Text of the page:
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A farewell from Dr Tony Falconer, RCOG President

Blog 26 September 2013

Toy Falconer, RCOG President

Dr Tony Falconer, RCOG President, writes...

As I finish my presidency at the RCOG, I would like to thank everyone I have had the pleasure of meeting and working with over the last three years.

On Friday 27 September, David Richmond, current Vice President of Clinical Quality, will be installed as the next President of the RCOG and I know that he will be a very outstanding President.

Looking back, the last three years have certainly been extremely busy but highly rewarding. The NHS reforms and introduction of the new Health and Social Care Act 2012 has seen huge change in the NHS and the more recent Francis report has meant that healthcare has never been so much in the spotlight.

In response to the Francis report, our Manifesto for Change focuses on quality of care for the patient, a vital issue if we are to move on and restore confidence in the NHS. We have a duty as doctors to report on poor or substandard care as stated by the General Medical Council’s Good Medical Practice guidance. It is anticipated that revalidation and a new role for Royal Colleges in visiting units will improve quality and safety.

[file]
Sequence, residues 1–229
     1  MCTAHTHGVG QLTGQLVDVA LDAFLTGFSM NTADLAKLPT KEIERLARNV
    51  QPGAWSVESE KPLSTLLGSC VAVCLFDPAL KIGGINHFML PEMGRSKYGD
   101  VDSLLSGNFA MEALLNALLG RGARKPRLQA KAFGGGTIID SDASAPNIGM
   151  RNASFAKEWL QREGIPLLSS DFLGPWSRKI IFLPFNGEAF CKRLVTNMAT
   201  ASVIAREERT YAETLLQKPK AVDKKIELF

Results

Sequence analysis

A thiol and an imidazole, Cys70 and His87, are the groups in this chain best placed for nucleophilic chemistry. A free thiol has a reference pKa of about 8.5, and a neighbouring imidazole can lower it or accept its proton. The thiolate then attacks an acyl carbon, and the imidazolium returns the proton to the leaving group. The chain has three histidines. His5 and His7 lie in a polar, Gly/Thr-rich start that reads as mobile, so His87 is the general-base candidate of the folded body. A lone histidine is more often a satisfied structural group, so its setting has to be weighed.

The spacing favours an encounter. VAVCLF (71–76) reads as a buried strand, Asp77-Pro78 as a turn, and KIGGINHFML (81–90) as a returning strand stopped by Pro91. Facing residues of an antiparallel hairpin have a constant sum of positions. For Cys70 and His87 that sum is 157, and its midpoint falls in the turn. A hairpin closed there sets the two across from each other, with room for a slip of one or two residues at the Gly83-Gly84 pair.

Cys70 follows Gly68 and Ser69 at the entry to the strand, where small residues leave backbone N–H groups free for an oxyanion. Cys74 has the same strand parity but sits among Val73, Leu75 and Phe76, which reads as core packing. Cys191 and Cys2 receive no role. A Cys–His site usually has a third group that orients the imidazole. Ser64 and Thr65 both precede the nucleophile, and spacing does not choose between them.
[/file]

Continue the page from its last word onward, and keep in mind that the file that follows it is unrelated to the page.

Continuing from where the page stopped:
High quality care is safe, clinically effective and enhances the experience of all patients. It involves following best practice through clinical standards and guidelines and measuring outcomes with the sharing of appropriate information between health and social care colleagues. Our two working party reports produced in the last three years have looked at the importance of providing quality care.

Produced in 2011, High Quality Women’s Health Care looked at how NHS women’s health services could be configured differently and suggested services should be provided in managed clinical networks linking primary, community, secondary and tertiary services. The report also recommended that a life-course approach to women’s healthcare should be adopted utilising every interaction a woman has with the health service, irrespective of age, to promote a healthy lifestyle.

Tomorrow’s Specialist focused on the need for a specialist workforce looking at training and how doctors need to work differently.

This year saw the RCOG’s largest ever Congress in Liverpool with a record number of delegates. Attracting our members from all over the world, the three days were a tremendous success showcasing the latest developments and research in our discipline.

And of course I cannot fail to mention the biggest news story this year – the birth of Prince George. We send our very best wishes to the royal couple and hope they are adapting well to family life and manage to escape the glare of the media at this precious time which is remarkable for any couple.

Finally, I would like to pay tribute to the elected Members and Fellows of Council at the RCOG and my fellow Officers who have helped steer the College through some challenging times during the last three years. I would also like to thank the many Members and Fellows both in the UK and overseas for their insights, support and generous contributions to our work and I hope this continues for years to come.

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